The downhill into Patterson Lake aid station should have revived my spirits, but my ankles started to flare up, and I had flashbacks to their post-Orcas state, when I could hardly put weight on them.  When I saw Justin, I started to cry. Everything was hurting, I was fighting, and I knew from the out-and-back that there were many ladies right behind me. It didn’t seem worth it. Luckily, the aid station volunteers were SO supportive, giving me tips on how to loosen up my back, reminding me how strong I was on mountains, and making me feel semi-powerful again. I got myself out of the aid station, and at some point, something Liz said before the race came back to me: “Just do your best and see what happens.”

So cliche, but so powerful in keeping me from totally breaking down. At some point, on that painful, slow climb up Patterson, trying to unlock my cramping back,  I realized that I WAS doing my best. And with my body behaving the way it was, my best looked different than I wanted it to, but it was still my best in that moment. From then on, I just kept focusing on “what is the best I can race in this moment?” This little mantra was a constant reminder that I could only control my effort, and that let me relax and focus on doing what I could do with what I was being given (good weather, bad back, strong lungs). I enjoyed the downhill on Patterson, although much more gingerly than my normal full tear due to the sore ankles. I was surprised to find some smooth speed for the mile into Chickadee aid station (Mile 31), and was happy to see a few of the ladies who’d gone past me earlier fueling and changing and otherwise using up time.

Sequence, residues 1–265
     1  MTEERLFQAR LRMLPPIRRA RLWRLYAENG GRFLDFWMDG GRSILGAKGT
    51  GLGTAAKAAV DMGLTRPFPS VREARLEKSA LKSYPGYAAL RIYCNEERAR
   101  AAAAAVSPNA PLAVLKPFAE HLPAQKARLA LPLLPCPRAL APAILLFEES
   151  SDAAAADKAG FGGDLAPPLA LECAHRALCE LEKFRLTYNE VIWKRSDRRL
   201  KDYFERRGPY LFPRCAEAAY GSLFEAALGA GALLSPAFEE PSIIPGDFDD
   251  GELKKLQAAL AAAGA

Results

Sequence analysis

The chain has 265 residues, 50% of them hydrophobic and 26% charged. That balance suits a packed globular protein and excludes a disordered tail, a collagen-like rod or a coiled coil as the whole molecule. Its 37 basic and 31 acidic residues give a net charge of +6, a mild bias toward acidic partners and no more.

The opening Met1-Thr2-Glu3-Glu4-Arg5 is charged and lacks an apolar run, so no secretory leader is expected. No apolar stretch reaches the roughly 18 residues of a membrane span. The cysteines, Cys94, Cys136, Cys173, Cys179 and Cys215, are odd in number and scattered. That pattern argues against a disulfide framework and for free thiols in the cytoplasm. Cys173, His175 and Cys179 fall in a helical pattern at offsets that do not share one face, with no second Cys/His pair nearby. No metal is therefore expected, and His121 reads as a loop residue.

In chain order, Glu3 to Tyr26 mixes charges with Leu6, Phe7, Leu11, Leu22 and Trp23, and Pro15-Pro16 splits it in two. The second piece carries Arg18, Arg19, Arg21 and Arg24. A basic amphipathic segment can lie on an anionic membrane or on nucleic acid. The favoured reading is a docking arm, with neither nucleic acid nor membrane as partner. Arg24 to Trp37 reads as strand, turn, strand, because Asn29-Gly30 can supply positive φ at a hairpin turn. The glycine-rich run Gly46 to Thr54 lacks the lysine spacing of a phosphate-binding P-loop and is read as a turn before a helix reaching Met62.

I dropped my stuff fast, grabbed a sandwich, and figured I’d “get it while I got it” (another running mantra gem, from Rich White @ Angels Staircase 2013). I managed to stay in front of the next-fastest lady for the whole stretch along Patterson Lake, and figured I’d have a pretty hard time on the climb- my back wasn’t any worse, but it wasn’t good, and the gradual, runnable uphills seemed to strain it the worst. My biggest fear pre-race wasn’t so much suffering, but not being tough enough to push through it. Each time I asked “is this my best right now?” I was fighting a little battle, and each time I was winning. All these little victories (plus sun breaks and some friendly 100k folks) got me up to the top in pretty good mental and physical shape. I knew from there it was downhill, and mostly easier downhill. The ankles still hurt, but they were less painful after the initial steep drop off Thompson Ridge. I felt pretty confident that I could hold onto whatever place I was in just due to my downhill speed, but I still kept working the whole way down. I couldn’t go full throttle, but I gave it as much as gas as I had in me. When I hit mile 48 at Homestead aid station for the second time, the rain was softly falling and I was so so happy. There were 2 miles of “downhill” (James Varner downhill, which is to say a lot of flat and a few little climbs), and before I knew it, I was crossing the finish line, in 4th place for ladies** and just 1 minute off my time from 2014. (I didn’t have a watch, or maybe I would have found a minute in me somewhere earlier).